5 Introduction This report will go over the main points discussed in books and articles on nonresidential supports* (day activities) for people with developmental disabilities. Most of the books and articles in this area focus on work. People with developmental disabilities experience continuing low levels of employment (many people with developmental disabilities do not have a job or do not work on a regular basis). Work and People with Developmental Disabilities Supported employment* (competitive employment for people with disabilities in integrated settings with job support) is now a major approach for addressing this issue. This approach is fairly well-known in Canada and other areas. However, in the United States, segregated employment* (work for people with disabilities in segregated settings without competitive pay, for example - workshops) continues to be the main type of employment for people with disabilities. A range of systemic factors* (problems or challenges in the way a system is organized and operated) discourages the employment of people with developmental disabilities; for example, provincial income programs that only allow people to make a certain amount of money per month without getting the money taken back. Non-residential Supports and Intellectual Disability/5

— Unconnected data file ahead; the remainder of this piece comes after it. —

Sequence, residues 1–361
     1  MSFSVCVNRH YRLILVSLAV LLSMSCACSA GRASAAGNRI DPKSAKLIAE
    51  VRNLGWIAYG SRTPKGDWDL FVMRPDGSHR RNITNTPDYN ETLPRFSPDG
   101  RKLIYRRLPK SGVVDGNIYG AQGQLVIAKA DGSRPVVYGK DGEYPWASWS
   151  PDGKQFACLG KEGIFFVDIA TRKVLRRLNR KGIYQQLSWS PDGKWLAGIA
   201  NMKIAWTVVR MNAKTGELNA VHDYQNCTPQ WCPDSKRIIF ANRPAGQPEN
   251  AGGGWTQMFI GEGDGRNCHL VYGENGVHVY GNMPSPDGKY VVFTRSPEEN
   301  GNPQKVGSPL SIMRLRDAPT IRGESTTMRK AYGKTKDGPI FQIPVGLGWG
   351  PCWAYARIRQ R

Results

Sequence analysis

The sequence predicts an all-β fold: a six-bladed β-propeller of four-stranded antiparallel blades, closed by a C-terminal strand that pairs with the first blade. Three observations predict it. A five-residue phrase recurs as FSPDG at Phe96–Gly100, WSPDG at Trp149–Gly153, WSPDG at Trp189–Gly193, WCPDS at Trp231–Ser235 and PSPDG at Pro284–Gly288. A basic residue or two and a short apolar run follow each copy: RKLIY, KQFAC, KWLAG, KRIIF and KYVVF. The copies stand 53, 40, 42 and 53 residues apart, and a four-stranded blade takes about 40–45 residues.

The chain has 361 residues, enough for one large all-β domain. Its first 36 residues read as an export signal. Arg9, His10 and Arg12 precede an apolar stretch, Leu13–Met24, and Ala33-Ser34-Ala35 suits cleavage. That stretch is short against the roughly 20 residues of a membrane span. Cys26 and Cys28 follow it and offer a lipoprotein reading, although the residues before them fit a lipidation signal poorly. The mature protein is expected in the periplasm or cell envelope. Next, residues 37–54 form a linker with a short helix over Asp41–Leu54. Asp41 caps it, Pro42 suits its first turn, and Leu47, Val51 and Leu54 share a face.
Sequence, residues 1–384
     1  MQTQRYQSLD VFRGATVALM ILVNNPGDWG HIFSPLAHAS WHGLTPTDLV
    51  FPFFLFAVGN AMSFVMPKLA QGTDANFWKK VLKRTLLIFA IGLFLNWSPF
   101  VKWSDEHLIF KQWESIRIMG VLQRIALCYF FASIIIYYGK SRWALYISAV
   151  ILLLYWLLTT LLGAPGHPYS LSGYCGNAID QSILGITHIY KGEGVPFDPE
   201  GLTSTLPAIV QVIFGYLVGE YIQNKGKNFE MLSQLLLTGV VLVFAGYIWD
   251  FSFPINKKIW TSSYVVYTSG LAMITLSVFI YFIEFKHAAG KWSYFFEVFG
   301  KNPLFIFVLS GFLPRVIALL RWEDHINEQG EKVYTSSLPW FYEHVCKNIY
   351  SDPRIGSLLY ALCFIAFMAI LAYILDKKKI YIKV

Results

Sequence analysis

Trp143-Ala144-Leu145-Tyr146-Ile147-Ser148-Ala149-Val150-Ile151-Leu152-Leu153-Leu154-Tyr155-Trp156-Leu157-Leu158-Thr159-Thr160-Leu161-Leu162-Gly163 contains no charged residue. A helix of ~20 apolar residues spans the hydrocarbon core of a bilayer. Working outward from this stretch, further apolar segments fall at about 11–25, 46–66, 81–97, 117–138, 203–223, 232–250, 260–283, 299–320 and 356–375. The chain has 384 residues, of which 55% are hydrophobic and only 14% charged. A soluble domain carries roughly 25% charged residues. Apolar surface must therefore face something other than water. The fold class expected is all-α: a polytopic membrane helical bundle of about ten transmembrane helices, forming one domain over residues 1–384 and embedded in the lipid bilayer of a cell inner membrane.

6 The way the labour market* (a place where work is exchanged for money) has changed over time with regards to the developmental disability sector has led to a commodification * (the process by which a person becomes a product) of disability. Also, agencies have been in competition for clients who are easier rather than harder to serve (i.e. people who are able to do more things and/or with mild disabilities). Researchers have begun to discuss strategies for dealing with such issues. Strategies for Creating Employment Opportunities Negative employer attitudes can discourage employers from hiring people with developmental disabilities. However, once contact between employers and individuals is made, such barriers can be overcome. Non-governmental Organizations* (private or non-profit agencies that are not associated with the government) in the developmental disability sector have an important role to play in: Making contact with employers, Relieving/calming employer concerns, Building trust, Reducing risks for employers, and Providing advice. Non-residential Supports and Intellectual Disability/6